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August 1, 20234 min read

The Why and How of Replacing Traditional Hydraulics with Electric Actuators

This is a summary from the presentation by the same title by Kirk Martin, Global Director of Sales, Mobile Machinery at Ewellix, at the Future of Electrification 2023 conference. Watch the full session here: 

The use of electric actuators is on the rise, and for good reason. During his presentation at the Future of Electrification Conference, Kirk Martin, Director of Sales, Mobile Machinery at Ewellix, discussed the benefits and challenges associated with replacing traditional hydraulics with electric actuators.

According to Martin, electric actuators offer numerous benefits. First, they are more efficient than hydraulic systems and are well-suited for high-work-function applications that require a lot of power. This is particularly important as battery-powered machines become more prevalent. He also pointed out that they are a cleaner and more environmentally friendly option since they require no oil. This makes them ideal for environments where oil leakage is undesirable, such as golf courses.

When it comes to controllability, Martin explained that electric actuators outperform hydraulic systems as they exhibit minimal play, allowing them to execute precise and accurate movements with exceptional accuracy. They are well suited for tasks that require a high level of control, such as grading machine work. By utilizing a controller with position accuracy and actuator feedback, operators can program specific positions for the mechanism to halt and return to its loaded position. This level of control and precision empowers operators to achieve greater accuracy and efficiency in their operations.

Martin emphasized that electric actuators require less maintenance than hydraulic systems. This is because there are fewer parts in an electric actuator, meaning that there is less that can go wrong. Apart from occasional grease application in the gearbox and screw, there are usually no major maintenance requirements. As a result, downtime is reduced and maintenance costs are lower. He explained that this simplicity also translates to easier manufacturing processes. 

During his presentation, Martin also covered the challenges associated with replacing traditional hydraulics with electric actuators. One significant obstacle is the need to redesign the frame to accommodate the motor and gearbox that are typically required for electric actuators. This can result in a 10-30% increase in frame size, making them less of a drop-in replacement compared to other options. Additionally, careful consideration must be given to the position of the motor within the frame relative to the actuator. If the motor is positioned at the lower end of the actuator, it may extend beyond the boundaries of the frame, leading to a phenomenon referred to as tail-swing. Tail-swing can affect the overall dimensions and space requirements of the system and adds complexity to the integration process.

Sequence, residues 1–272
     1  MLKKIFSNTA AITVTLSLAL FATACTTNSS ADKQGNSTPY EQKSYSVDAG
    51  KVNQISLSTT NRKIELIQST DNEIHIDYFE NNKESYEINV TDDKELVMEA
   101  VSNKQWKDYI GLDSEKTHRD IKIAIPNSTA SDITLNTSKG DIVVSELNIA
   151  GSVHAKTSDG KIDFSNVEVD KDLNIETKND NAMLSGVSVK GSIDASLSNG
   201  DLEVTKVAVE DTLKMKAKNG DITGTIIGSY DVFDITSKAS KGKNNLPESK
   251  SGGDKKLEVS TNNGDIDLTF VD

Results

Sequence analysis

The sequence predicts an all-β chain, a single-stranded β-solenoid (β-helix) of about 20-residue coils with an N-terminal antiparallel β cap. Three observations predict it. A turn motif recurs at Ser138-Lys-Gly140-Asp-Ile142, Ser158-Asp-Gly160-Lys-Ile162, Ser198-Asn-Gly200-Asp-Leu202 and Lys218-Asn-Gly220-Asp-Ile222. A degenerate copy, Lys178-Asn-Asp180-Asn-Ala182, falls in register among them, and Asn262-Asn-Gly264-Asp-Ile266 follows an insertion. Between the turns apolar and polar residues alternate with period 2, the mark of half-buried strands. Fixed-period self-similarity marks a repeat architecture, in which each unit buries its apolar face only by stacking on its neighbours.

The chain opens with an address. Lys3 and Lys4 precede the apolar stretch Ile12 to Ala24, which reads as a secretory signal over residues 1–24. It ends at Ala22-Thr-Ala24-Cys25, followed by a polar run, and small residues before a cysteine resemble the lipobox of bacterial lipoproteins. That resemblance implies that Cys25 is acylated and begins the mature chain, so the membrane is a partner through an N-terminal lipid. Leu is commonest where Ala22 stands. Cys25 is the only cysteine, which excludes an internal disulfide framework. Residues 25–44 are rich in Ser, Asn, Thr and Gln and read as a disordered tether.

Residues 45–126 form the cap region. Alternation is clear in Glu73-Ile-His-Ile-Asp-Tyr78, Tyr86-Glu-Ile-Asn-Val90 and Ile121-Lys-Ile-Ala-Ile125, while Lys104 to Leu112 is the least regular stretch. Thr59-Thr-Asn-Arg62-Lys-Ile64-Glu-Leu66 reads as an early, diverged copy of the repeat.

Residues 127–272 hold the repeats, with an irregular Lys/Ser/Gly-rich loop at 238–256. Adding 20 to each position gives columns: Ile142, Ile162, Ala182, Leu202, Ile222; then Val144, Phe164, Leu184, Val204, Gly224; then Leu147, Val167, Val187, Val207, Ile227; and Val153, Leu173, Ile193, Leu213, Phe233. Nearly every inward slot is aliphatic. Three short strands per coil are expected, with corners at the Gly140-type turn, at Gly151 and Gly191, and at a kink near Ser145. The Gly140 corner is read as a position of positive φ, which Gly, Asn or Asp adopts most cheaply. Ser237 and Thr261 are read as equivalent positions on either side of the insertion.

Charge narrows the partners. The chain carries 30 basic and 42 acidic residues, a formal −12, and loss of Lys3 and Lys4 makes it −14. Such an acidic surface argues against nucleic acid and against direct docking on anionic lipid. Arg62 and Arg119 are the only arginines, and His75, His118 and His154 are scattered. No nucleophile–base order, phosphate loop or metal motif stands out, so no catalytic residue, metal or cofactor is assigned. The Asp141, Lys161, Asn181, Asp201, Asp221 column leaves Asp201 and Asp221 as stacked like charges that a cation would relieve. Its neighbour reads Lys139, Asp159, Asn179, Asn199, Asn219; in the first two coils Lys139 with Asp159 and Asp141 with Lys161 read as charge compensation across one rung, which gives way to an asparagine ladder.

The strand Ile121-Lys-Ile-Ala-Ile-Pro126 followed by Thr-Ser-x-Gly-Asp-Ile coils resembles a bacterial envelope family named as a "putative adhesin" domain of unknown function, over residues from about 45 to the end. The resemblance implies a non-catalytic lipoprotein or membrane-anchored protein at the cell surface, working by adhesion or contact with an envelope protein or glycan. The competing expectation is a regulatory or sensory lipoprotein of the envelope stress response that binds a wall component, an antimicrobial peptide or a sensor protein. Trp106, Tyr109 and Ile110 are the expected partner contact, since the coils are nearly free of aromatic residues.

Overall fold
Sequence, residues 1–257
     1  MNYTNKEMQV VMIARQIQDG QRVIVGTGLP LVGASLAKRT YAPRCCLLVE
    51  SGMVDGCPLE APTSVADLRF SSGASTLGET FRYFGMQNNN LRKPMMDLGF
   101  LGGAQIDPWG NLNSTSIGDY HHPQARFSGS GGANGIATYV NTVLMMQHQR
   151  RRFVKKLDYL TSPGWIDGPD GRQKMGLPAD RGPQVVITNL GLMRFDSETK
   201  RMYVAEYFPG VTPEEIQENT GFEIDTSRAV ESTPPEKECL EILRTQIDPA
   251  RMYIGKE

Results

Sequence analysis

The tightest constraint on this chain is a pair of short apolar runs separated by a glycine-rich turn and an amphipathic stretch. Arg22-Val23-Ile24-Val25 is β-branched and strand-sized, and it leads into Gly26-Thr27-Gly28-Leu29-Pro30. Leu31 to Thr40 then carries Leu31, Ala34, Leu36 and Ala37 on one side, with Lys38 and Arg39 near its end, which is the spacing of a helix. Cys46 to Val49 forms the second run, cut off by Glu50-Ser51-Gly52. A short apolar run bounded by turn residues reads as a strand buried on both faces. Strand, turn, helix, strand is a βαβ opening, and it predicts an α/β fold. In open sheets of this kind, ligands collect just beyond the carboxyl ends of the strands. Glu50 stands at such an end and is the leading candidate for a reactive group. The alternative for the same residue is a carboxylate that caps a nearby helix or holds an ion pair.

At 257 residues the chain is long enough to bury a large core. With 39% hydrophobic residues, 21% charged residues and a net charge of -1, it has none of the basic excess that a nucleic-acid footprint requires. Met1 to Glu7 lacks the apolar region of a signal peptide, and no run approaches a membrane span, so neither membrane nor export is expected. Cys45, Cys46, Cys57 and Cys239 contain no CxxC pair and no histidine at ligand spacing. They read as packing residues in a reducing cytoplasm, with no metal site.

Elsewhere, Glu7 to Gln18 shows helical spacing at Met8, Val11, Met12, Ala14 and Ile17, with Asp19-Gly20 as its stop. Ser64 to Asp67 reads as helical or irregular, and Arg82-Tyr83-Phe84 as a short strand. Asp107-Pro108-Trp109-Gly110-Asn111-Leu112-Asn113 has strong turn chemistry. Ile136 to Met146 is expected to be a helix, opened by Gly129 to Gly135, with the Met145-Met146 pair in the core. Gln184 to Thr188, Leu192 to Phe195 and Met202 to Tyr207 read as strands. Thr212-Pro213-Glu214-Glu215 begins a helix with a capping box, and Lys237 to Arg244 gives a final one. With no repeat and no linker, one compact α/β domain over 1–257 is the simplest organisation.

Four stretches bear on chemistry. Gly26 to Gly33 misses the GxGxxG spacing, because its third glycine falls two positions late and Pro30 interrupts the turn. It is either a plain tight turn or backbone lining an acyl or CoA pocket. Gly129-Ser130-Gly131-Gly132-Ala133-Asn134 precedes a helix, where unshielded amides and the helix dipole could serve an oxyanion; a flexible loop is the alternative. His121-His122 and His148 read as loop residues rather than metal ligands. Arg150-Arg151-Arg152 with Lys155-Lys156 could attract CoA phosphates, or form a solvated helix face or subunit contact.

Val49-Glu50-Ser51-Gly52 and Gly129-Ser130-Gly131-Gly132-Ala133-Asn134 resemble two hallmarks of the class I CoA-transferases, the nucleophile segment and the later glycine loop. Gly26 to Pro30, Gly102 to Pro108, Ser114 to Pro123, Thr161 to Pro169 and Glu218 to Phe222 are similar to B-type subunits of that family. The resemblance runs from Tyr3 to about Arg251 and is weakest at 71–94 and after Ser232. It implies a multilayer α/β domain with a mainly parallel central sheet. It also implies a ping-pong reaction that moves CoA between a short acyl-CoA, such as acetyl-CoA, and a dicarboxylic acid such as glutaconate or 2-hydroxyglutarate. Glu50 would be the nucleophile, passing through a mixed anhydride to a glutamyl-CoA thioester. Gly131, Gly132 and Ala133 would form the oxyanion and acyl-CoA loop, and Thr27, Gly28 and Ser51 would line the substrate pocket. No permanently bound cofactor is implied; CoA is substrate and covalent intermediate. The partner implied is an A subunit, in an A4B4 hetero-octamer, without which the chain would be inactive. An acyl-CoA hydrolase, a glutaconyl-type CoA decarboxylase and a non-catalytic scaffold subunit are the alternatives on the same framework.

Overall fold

Martin mentioned the importance of properly sizing the electric actuator to meet the application's requirements. Determining the required force ensures that the actuator can effectively perform its intended task. In addition, Martin stressed the significance of considering speed. While larger motors generally offer higher speeds, finding the right balance between speed and energy efficiency is essential to allow for optimal performance without excessive energy consumption.

Choosing the appropriate voltage for the actuator is another important consideration noted Martin. The specific application and its power requirements play a crucial role in determining the optimal voltage. Higher voltage can provide better efficiency and reduced current, which is advantageous for high-power applications. On the other hand, lower voltage may be sufficient for auxiliary functions or less power-intensive operations. Martin added that safety protocols and the availability of motors and controllers should also be considered when dealing with higher-voltage applications.

According to Martin, the control package is an additional factor when making the switch to electric actuators that varies based on different applications. From simple relay-based start-stop functionality to more advanced systems providing position feedback or utilizing a full CAN bus network, selecting the appropriate control package is essential for the seamless integration of the electric actuator into the application's control system.

Martin explained, in rugged and dirty environments, such as those encountered by mobile excavators, electric actuators perform well if they are appropriately sized and designed with the necessary features. However, mechanical shock can be a concern due to the rigidity of electric actuators compared to hydraulic systems. Mechanical shock can occur when the actuator comes into contact with external forces or experiences abrupt changes in motion or direction. To mitigate this issue, it is important to incorporate shock-absorbing features, such as resilient materials, protective covers, or specialized mounting arrangements when installing an electric actuator.

While there are challenges associated with replacing traditional hydraulics with electric actuators, the benefits make it an increasingly attractive option for many applications. Efficiency, controllability, and lower maintenance requirements are just a few of the reasons covered in Martin’s presentation why electric actuators are becoming more popular. However, it is important to properly size and configure electric actuators for each application to ensure that they perform as intended.